(3) Whoever or whatever one decides the source behind Job's calamities was, we believe that it is unwise to take a specific case such as this and attempt to make a general conclusion regarding satanic power. The fact remains that the testings of Job were appointed by God with a specific purpose in mind and there was no human "psychic" agent involved.
3. Revelation 13:13-15; 16:14; 19:20, etc.
a. Argument: The above passages show that Satan and demons "can work miracles."
(1) Because of the nature of the book of Revelation with its symbolism and imagery and the various schools of interpretation that have arisen, we would caution the reader not to be too dogmatic in an attempt to press an interpretation such as one that sees the ire from the mouths of the two witnesses (Rev. 11:5) as literal fire, or on the other hand, the locusts (9:3) as Cobra helicopters.
(2) The word semeia (13:13-14; 19:20), translated here as "miraculous signs," simply means "signs." It does not necessarily mean "miracle," as it is used to describe the kiss of Judas (Matt. 26:48), circumcision (Rom. 4:11), and Paul's handwriting (2 Thess. 3:17).
(3) The ability of the earth beast (false prophet) to cause "fire to come down from heaven to earth" (13:13) has been interpreted as a miracle in the form of literal fire from the sky, a fraudulent display possibly resulting from some kind of pyrotechnics, pseudocharismatic gifts, and various other ideas.
(4) The idea of giving "breath [pneuma] to the image of the first beast, so that it could speak" (13:15) is different from giving "life" (zoe). Walvoord is correct when he observes that the ability to give life "is a prerogative of God alone." He concludes, "The intent of the passage seems to be that the image has the appearance of life manifested in breathing, but actually it may be no more than a robot."
(5) Another view regarding the image's breath is that John is simply implying "the activity of the false prophets in reviving idolatrous worship, giving it the appearance of vitality, reality, and power."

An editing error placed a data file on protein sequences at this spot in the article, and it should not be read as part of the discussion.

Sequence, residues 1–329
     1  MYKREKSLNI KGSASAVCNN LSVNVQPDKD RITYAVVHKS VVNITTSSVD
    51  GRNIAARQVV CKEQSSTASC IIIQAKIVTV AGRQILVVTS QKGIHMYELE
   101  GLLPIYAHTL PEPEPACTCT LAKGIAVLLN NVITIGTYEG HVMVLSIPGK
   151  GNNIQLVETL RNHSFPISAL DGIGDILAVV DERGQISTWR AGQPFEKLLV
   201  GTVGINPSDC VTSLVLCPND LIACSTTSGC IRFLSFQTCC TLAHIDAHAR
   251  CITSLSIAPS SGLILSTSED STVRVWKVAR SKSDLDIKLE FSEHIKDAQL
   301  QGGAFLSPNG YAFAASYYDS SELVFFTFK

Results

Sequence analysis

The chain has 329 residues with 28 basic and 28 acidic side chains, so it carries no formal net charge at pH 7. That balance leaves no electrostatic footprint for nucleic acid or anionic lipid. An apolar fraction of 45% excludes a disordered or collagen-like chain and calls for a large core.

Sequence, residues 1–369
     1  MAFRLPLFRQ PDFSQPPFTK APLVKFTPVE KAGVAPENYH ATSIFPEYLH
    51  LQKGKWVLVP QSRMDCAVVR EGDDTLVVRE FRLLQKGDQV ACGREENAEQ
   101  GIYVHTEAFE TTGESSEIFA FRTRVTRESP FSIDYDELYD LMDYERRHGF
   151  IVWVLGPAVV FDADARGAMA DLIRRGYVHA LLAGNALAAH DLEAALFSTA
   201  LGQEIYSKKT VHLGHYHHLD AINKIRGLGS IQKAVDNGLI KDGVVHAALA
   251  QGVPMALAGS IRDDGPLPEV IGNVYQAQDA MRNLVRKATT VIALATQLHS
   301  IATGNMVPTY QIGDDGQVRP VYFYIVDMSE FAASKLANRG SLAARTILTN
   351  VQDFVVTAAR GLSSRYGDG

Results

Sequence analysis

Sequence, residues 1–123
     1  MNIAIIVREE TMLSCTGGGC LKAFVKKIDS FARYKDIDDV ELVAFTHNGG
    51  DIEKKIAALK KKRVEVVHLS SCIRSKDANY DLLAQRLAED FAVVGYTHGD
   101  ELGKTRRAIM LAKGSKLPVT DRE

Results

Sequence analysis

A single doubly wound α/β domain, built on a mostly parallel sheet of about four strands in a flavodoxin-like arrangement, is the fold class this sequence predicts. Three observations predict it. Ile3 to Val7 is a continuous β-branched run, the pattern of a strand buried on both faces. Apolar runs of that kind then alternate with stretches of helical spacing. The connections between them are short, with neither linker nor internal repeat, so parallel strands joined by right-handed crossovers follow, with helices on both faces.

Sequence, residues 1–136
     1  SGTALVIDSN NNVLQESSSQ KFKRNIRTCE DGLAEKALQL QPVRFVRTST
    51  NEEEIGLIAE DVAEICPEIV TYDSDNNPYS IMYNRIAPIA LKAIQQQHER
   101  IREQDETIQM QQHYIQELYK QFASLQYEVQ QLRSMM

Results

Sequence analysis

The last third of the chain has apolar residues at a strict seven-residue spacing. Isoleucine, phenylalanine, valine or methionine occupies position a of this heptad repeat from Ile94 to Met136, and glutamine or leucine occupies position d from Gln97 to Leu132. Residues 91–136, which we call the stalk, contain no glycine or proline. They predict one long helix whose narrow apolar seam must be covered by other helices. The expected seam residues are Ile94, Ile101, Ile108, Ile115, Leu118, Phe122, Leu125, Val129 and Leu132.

III. Biblical Passages Commonly Misused to Prove Psychic Power in the Bible
A. Deuteronomy 18:10-11, 14-Occult Prohibitions
1. Examples of Authors Who Argue for Psychic Power
a. Johanna Michaelsen: "The condemnation was not issued against mere 'frauds and windbags,' incidentally. The Bible has always recognized the reality of phenomena produced by occultism."
b. Neil T. Anderson: "The mediums and spiritists that God warned against in Leviticus and Deuteronomy were not con artists, but people who possessed and passed on knowledge which didn't come through natural channels of perception. These people have opened themselves up to the spirit world and become channels of knowledge from Satan."
2. Basis for Argument
a. Throughout the entire Scripture various passages speak of the occult practitioners and the occult practices.
b. God would not have condemned these practices if they were not a reality and if there were not some individuals who could perform these supernatural feats.
3. Refutation of Argument
a. Claims and prohibitions do not constitute reality of powers
(1) "In the first place it must be observed that the existence of a sorcerer is one thing, and the reality of his powers is quite another....
Excerpted from Astrology and Psychic Phenomena by Andre Kole Terry Holley Copyright © 1998 by Zondervan. Excerpted by permission.